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Conflict avoidance can have its downsides

A short summary of a recent decision of the Upper Tribunal on an application for adverse possession after negotiations between the parties to purchase the land failed.

Conflict avoidance is usually a good thing

Conflict, or even the potential for it, can be extremely stressful. This is particularly so when the issue affects a person’s home or business and could involve court proceedings. It is perfectly rational to wish to avoid conflict and any associated legal costs wherever possible. In cases of adverse possession, there may be a desire on both sides to negotiate for the sale or purchase of the land in question to avoid litigation. However, a recent case in the Upper Tribunal highlights some of the complexities inherent in adverse possession cases and in particular, that caution should be exercised if engaging in such negotiations.

Mr & Mrs Adams

The case of Windmill Holdings SPV Ltd v Adams & Anor [2021] UKUT 228 (LC) involved an appeal against a decision of the First Tier Tribunal (FTT) on an application for adverse possession of two sections of disused railway land. Mr & Mrs Adams had purchased a plot in 1993 and believed they also owned two strips of land to the south and north of the property. They built their house on the main plot, a driveway on the northern strip, and the southern strip formed part of their garden. Unfortunately, the title at the Land Registry only showed Mr & Mrs Adams as having title to the main plot.

Windmill Holdings purchased the southern and northern strips of land in 2018 from the registered owner and shortly afterwards, contacted Mr & Mrs Adams offering to sell the southern and northern strips to them, provided that the transaction was prompt. Mr & Mrs Adams considered the offer, and some negotiations took place via email and telephone. Ultimately, Mr & Mrs Adams did not proceed with the purchase offer. Instead, they applied to the Land Registry to be registered as the owners of the two strips of land, on the basis of adverse possession of the land for 10 years.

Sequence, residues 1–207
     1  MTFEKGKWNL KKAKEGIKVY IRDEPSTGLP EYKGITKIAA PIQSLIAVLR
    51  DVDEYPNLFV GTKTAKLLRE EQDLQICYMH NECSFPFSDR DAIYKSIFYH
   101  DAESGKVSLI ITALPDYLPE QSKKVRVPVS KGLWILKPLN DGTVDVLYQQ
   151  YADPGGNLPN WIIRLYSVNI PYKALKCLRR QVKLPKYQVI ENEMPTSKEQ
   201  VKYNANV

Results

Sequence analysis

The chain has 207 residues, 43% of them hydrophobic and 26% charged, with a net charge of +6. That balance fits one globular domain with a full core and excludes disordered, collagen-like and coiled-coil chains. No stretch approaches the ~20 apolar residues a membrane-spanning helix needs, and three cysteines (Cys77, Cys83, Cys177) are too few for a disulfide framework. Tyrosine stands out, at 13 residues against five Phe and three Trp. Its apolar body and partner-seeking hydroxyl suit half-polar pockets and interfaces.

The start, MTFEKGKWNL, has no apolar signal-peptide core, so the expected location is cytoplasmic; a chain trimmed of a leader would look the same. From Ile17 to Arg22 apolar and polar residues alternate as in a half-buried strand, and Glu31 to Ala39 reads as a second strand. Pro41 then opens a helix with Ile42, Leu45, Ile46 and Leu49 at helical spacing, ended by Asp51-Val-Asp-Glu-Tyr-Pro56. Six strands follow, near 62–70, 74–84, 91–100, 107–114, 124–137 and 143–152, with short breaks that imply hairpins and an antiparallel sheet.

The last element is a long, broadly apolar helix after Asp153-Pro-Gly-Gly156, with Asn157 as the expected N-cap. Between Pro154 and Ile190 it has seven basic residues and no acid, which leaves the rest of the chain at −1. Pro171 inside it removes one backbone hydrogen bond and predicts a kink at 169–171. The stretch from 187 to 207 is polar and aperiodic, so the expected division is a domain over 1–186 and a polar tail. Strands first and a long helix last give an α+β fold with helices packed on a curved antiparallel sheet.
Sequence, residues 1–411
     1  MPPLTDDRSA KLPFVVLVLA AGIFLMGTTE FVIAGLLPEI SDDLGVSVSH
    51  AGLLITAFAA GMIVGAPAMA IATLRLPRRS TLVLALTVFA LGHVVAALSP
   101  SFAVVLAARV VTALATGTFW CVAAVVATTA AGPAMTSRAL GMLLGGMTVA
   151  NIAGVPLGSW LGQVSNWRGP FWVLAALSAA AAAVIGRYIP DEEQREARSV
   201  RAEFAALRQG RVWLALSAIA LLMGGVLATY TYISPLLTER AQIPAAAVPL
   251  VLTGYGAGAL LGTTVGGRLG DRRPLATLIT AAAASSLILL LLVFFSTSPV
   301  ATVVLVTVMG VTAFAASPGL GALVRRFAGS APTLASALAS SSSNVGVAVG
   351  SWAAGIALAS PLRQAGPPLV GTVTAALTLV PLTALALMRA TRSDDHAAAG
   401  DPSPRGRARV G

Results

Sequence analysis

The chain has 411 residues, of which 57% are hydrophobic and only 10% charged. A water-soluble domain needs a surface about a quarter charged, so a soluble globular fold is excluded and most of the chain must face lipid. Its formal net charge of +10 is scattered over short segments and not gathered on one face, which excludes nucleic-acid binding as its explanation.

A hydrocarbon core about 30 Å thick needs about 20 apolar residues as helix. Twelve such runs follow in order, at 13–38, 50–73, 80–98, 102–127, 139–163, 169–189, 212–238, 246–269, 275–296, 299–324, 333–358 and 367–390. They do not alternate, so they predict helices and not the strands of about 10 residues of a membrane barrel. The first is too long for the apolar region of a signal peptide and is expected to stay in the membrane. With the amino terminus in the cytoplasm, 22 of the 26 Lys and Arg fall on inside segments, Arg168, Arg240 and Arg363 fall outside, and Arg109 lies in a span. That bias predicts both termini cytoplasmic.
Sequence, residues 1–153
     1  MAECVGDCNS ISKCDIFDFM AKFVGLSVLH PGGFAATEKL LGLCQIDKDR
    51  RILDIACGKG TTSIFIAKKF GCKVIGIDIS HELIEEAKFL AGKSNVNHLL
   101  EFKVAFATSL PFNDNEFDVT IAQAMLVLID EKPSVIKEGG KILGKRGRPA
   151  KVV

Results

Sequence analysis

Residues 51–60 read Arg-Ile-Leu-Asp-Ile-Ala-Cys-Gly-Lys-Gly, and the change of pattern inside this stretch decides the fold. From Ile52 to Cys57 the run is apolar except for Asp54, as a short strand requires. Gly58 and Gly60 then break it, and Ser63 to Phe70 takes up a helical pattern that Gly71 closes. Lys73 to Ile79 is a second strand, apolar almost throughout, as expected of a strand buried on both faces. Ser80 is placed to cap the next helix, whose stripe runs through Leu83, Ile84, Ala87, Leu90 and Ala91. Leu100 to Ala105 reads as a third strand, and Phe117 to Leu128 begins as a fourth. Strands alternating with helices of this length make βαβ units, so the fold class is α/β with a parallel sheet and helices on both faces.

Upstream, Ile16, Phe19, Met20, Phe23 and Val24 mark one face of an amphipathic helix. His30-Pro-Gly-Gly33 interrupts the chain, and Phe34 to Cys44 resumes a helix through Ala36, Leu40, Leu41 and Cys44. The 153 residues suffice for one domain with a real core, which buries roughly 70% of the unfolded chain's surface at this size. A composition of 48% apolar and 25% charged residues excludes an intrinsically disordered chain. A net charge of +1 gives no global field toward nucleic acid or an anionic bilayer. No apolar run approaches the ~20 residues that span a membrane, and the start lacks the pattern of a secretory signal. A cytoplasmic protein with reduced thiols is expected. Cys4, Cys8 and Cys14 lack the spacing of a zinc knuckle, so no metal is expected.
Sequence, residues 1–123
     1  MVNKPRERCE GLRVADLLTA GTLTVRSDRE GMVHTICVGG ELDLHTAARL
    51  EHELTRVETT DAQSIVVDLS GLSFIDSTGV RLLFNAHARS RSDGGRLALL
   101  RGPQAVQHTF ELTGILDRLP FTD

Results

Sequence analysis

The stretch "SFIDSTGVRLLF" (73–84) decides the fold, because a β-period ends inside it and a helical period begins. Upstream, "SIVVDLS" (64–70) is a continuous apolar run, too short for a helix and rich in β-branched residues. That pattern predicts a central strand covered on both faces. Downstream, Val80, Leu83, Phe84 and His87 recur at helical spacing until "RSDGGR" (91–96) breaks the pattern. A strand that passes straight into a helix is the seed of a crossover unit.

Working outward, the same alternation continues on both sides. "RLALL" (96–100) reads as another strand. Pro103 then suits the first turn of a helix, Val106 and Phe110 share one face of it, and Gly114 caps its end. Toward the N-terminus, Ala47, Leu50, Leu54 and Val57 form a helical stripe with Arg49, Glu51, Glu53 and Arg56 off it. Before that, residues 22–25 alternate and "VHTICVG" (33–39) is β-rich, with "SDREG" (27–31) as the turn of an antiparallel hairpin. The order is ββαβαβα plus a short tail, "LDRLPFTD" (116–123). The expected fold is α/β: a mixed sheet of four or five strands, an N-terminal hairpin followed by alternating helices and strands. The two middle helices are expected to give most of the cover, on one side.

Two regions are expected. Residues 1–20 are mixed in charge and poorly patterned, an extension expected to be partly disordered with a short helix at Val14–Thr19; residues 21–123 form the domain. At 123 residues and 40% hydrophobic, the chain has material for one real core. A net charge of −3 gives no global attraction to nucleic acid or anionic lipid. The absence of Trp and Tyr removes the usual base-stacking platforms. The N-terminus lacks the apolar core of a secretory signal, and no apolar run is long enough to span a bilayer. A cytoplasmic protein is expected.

The counter notice

Windmill Holdings served a counter notice requiring Mr & Mrs Adams application to be dealt with in accordance with paragraph 5 of Schedule 6 to the Land Registration Act 2002. Under paragraph 5 of Schedule 6, the person claiming adverse possession must show that at least one of three conditions is satisfied. The effect of this counter notice is to place an additional burden of proof to satisfy one of the conditions, or the claim for adverse possession will fail.

The conditions in paragraph 5 of Schedule 6 are:

  • That it would be wrong to prevent the application for ownership of the land, based on a sudden change in the attitude of the registered owner, which was not apparent before and is to the detriment of the applicant (called equitable estoppel).

and that the circumstances are such that the applicant ought to be registered as the proprietor (paragraph 5(2) a & b Schedule 6)

  • For some other reason, the applicant is entitled to be registered as the proprietor (paragraph 5(3) Schedule 6).
  • The land subject to the application is adjacent to the land belonging to the applicant

and the boundaries between the two have not been determined under the section 60 rules

and for at least 10 years of the period of adverse possession ending on the date of the application, the applicant reasonably believed that the land to which the application relates belonged to him